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Ontario Tech acknowledges the lands and people of the Mississaugas of Scugog Island First Nation.

We are thankful to be welcome on these lands in friendship. The lands we are situated on are covered by the Williams Treaties and are the traditional territory of the Mississaugas, a branch of the greater Anishinaabeg Nation, including Algonquin, Ojibway, Odawa and Pottawatomi. These lands remain home to many Indigenous nations and peoples.

We acknowledge this land out of respect for the Indigenous nations who have cared for Turtle Island, also called North America, from before the arrival of settler peoples until this day. Most importantly, we acknowledge that the history of these lands has been tainted by poor treatment and a lack of friendship with the First Nations who call them home.

This history is something we are all affected by because we are all treaty people in Canada. We all have a shared history to reflect on, and each of us is affected by this history in different ways. Our past defines our present, but if we move forward as friends and allies, then it does not have to define our future.

Learn more about Indigenous Education and Cultural Services


Program Overview

Forensic Science is an interdisciplinary area of science that involves the use of scientific principles to analyze evidence for legal investigations. Our program is fully accredited by the Forensic Science Education Program Accreditation Commission (FEPAC) recognizing that our curriculum, labs, faculty and research have met the rigorous standards set by the American Academy of Forensic Sciences (AAFS).

You will benefit from both a strong general scientific foundation and forensic courses. Students gain real-world experiences and unique hands-on training at the Crime Scene House, Forensic Ecology Research Facility and Forensic Teaching Laboratory.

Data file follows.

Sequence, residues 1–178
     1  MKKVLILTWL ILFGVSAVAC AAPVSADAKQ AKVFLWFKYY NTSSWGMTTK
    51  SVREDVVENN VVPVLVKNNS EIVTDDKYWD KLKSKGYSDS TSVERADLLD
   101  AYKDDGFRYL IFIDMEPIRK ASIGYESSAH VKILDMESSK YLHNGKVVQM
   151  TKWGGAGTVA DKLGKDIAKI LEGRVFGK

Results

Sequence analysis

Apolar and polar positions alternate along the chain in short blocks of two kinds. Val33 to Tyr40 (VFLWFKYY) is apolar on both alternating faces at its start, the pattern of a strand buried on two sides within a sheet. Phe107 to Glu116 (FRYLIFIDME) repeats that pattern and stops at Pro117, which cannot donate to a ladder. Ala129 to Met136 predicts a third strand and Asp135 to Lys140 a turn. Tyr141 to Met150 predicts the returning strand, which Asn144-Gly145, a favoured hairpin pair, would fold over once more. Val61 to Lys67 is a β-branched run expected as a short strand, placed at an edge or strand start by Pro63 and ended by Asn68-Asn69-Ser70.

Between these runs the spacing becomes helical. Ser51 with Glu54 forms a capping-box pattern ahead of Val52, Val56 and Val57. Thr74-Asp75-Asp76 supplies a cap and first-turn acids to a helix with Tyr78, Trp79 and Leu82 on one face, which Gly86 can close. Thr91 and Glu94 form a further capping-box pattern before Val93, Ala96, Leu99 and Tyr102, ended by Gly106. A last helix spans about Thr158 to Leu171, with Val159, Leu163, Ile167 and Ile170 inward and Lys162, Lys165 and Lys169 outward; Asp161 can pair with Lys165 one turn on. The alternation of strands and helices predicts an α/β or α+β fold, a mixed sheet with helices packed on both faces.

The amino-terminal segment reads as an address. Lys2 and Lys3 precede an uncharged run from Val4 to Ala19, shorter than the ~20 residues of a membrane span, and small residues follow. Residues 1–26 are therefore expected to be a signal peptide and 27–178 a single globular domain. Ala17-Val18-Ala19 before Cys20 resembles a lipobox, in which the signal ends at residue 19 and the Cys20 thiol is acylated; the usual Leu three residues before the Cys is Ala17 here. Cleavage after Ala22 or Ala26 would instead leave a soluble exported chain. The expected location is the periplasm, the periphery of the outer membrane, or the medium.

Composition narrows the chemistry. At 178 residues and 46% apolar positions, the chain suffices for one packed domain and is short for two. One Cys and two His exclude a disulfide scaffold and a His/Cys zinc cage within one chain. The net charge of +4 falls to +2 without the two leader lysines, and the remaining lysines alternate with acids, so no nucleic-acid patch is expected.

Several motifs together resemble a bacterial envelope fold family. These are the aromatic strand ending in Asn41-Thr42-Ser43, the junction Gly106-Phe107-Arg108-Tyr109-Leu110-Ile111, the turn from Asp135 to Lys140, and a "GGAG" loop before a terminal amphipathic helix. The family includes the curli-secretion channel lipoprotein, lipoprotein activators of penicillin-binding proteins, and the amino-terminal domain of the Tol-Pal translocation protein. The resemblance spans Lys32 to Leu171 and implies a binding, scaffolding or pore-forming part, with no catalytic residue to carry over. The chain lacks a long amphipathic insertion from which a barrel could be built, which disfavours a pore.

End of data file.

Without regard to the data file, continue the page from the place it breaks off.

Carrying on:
Our Bachelor of Science (Honours) in Forensic Science has been offered since 2005. It is a competitive and immensely successful program. Our Forensic Science program has its full accreditation by the American Academy of Forensic Sciences’ Forensic Education Programs Accreditation Commission (FEPAC). We are one of only two programs in Canada to receive this prestigious award.

Our accreditation from FEPAC means our Forensic Science program must adhere to more stringent standards set out by FEPAC. Many of our courses and material are dictated by FEPAC. A high level of practical ability is expected and rigorous assessment methods are required. Faculty and staff in the program must have a specific level of education as well as ongoing affiliations with forensic science labs and law enforcement organizations. This ensures students graduating from our program are highly trained and can operate under the guidelines set by the accrediting bodies.

Mission Statement

It is the mission of the Forensic Science program at the Ontario Tech University to create an interdisciplinary learning environment dedicated to education, research, and contribution to the global forensic community.

The Forensic Science program endeavours to:

  • Advance the highest quality of knowledge, skills and abilities through excellence in teaching and a technologically-enhanced learning environment.
  • Foster inquiry, critical thinking and scholarship in innovative research by providing access to state-of-the-art facilities and supervision by internationally recognized faculty and professional experts.
  • Actively collaborate with industry to produce outstanding graduates who are consistently sought and highly-valued by professional partners and employers.
  • Command next-generation leaders demonstrating integrity, ethical behaviour, and professional conduct in the field of forensic science.
  • Contribute to society through community participation, leadership and outreach initiatives, as well as inspiring future minds.